What's Faith Got To Do With It?

June 4, 2003

Dr. M. David Rudd's most recent book, Finding Hope: When Thinking About Suicide, examines the Christian perspective on suicide, an approach that will differentiate this self-help suicide book from others on the market, he says.
The book, set for publication this fall, is the result of discussions between Dr. Rudd and Dr. Todd Lake, Baylor's dean for University Ministries, both of whom came to Baylor at about the same time and soon found common ground. 
"David and I began to have some conversations about the commonalties between pastoral care and the clinical and psychological model, and the way those can be mutually reinforcing," Dr. Lake says.
The connection between suicide treatment and faith is obvious, Dr. Rudd says, because suicide prompts questions about life and death, right and wrong. Historically, though, the two fields have rarely come together, and, in fact, sometimes have been at loggerheads. On one hand, faith instruction sometimes can lead one to think that personal faith alone should be adequate to deal with feelings of despair; on the other hand, psychologists may consider pastoral counseling to be inadequate treatment for what could be mental illness, he says.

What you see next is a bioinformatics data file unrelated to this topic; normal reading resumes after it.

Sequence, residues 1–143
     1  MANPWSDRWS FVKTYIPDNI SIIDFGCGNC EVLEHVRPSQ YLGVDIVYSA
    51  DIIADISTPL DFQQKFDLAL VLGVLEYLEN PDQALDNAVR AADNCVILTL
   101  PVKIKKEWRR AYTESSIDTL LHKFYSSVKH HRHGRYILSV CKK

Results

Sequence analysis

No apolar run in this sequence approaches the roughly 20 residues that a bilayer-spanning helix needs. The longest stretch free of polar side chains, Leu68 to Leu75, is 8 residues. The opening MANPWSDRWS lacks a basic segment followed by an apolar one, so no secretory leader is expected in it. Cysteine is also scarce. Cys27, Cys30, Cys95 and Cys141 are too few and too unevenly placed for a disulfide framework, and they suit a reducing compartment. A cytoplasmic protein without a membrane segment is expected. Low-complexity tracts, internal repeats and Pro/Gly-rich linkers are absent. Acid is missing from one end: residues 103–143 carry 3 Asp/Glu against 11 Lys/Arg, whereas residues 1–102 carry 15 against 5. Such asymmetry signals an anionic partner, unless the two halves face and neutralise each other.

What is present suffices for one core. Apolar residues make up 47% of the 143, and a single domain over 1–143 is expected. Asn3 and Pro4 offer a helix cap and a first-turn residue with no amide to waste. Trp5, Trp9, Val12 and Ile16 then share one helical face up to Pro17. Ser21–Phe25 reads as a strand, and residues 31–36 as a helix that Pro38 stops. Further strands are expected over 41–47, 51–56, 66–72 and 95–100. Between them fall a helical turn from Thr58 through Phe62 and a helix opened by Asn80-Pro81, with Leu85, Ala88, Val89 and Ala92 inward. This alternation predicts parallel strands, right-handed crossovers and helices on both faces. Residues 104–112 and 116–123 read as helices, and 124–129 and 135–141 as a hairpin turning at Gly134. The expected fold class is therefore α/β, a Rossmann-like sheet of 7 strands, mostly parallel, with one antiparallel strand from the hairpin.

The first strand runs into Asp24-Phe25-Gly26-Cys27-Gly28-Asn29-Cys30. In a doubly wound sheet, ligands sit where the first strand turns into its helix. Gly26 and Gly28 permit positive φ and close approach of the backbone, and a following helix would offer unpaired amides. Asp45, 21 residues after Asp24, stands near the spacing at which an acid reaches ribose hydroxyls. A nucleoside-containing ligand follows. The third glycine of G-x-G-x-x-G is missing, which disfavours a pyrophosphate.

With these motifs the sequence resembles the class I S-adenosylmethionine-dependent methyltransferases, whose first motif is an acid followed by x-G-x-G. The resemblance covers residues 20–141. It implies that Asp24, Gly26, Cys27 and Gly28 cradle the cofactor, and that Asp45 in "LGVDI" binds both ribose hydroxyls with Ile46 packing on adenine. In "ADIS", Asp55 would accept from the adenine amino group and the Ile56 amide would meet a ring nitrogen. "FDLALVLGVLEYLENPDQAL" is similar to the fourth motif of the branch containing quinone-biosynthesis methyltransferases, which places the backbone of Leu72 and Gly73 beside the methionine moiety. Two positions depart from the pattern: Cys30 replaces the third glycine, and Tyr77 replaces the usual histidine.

"The hope is that this book will provide a mechanism to integrate faith with medical practice, particularly when you're talking about acute suicide," Dr. Rudd says. "That's the group we're targeting."
From the other side of the medical/theological table, Dr. Lake agrees. "Many students who come to Baylor probably have somewhere in the back of their minds the thought, 'If I'm a Christian, I don't want to seek out professional help. I should be able to pray and seek God's healing on my own.'"
When Dr. Lake read Dr. Rudd's book Treating Suicidal Behavior, an explanation of his cognitive theories and research and how they relate to suicide treatment, Dr. Lake saw exactly how the two fields could mesh. "I was astounded to see how the pastoral care approach would fit hand-in-glove with the treatment psychologists offer," he says. 
In fact, Dr. Lake says, one of many Christian social justice movements in the early 19th and late 20th centuries focused on educating people about suicide. "They tried to stop the stigmatizing of people by showing that they were not wicked but depressed," he says.
Dr. Rudd says the new book should have a broad audience. "Books make information and new knowledge accessible for review, critique and challenge," he says. "In this case, they sometimes offer a message of caring and hope to those in trouble, those in distress and in crisis."